These types differ from the Java types mentioned in those tutorials. For Kotlin support, all the Panache types will be found in the io.quarkus.hibernate.orm.panache.kotlin package. This subpackage allows for the distinction between the Java and Kotlin variants and allows for both to be used unambiguously in a single project.

In the Kotlin version, we’ve simply moved the bulk of the active record pattern functionality to the companion object. Apart from this slight change, we can then work with our types in ways that map easily from the Java side of world.

Using the repository pattern

Defining your entity

When using the repository pattern, you can define your entities as regular JPA entities.

class Person {
    var id: Long? = null;
    lateinit var name: String
    lateinit var birth: LocalDate
    lateinit var status: Status

Defining your repository

When using Repositories, you get the exact same convenient methods as with the active record pattern, injected in your Repository, by making them implement PanacheRepository:

class PersonRepository: PanacheRepository<Person> {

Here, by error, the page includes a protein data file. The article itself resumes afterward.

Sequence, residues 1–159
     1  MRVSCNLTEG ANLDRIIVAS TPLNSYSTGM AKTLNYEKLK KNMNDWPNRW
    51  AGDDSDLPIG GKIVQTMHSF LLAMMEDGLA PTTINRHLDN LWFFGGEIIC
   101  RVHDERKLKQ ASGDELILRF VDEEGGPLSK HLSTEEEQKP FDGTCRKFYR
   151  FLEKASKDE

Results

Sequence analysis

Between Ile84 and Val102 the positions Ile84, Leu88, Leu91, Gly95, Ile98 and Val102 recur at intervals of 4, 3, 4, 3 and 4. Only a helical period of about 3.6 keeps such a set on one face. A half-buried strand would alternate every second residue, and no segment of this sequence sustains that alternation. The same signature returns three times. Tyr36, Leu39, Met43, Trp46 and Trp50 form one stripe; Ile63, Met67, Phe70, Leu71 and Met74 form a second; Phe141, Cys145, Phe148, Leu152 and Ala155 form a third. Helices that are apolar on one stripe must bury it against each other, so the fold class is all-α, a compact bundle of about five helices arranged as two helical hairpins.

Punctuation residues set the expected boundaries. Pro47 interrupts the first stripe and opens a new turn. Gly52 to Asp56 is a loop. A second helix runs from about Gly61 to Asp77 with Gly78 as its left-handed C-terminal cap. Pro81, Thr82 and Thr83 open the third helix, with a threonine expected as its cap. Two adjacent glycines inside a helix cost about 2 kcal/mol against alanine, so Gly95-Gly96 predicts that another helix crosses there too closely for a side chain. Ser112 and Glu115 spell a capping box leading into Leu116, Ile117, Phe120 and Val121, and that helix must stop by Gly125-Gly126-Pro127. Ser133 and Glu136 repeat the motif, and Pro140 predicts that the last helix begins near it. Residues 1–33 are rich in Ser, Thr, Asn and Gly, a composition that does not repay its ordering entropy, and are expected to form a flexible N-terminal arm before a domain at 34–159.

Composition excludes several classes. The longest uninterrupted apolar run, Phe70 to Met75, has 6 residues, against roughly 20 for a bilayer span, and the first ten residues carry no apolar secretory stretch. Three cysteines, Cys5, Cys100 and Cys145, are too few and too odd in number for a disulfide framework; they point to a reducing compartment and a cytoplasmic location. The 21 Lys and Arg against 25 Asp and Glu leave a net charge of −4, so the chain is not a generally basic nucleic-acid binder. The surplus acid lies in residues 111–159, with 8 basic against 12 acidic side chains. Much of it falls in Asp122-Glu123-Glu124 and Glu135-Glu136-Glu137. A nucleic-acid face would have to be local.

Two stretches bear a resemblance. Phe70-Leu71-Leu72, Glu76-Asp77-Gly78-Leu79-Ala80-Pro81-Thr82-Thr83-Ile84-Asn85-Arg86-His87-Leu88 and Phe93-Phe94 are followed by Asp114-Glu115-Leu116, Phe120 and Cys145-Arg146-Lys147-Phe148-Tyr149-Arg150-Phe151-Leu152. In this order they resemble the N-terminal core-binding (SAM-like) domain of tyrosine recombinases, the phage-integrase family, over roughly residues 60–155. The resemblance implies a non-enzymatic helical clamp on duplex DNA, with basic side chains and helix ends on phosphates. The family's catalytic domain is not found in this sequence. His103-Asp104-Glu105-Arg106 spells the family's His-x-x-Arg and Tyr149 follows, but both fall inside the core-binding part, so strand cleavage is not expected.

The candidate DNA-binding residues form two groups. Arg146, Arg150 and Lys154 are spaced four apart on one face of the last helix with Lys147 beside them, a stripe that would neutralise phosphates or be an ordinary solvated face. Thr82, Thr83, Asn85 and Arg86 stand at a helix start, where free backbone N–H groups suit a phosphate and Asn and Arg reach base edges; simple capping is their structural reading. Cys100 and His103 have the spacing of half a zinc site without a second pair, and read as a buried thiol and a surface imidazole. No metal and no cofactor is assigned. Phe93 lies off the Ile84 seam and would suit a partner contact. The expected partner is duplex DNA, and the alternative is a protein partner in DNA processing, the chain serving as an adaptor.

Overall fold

fun findByName(name: String) = find("name", name).firstResult()
     fun findAlive() = list("status", Status.Alive)
     fun deleteStefs() = delete("name", "Stef")

All the operations that are defined on PanacheEntityBase are available on your repository, so using it is exactly the same as using the active record pattern, except you need to inject it:

lateinit var personRepository: PersonRepository

fun count() = personRepository.count()

Most useful operations

Once you have written your repository, here are the most common operations you will be able to perform:

// creating a person
var person = Person()
person.name = "Stef"
person.birth = LocalDate.of(1910, Month.FEBRUARY, 1)
person.status = Status.Alive

// persist it

// note that once persisted, you don't need to explicitly save your entity: all
// modifications are automatically persisted on transaction commit.

// check if it's persistent
    // delete it

// getting a list of all Person entities
val allPersons = personRepository.listAll()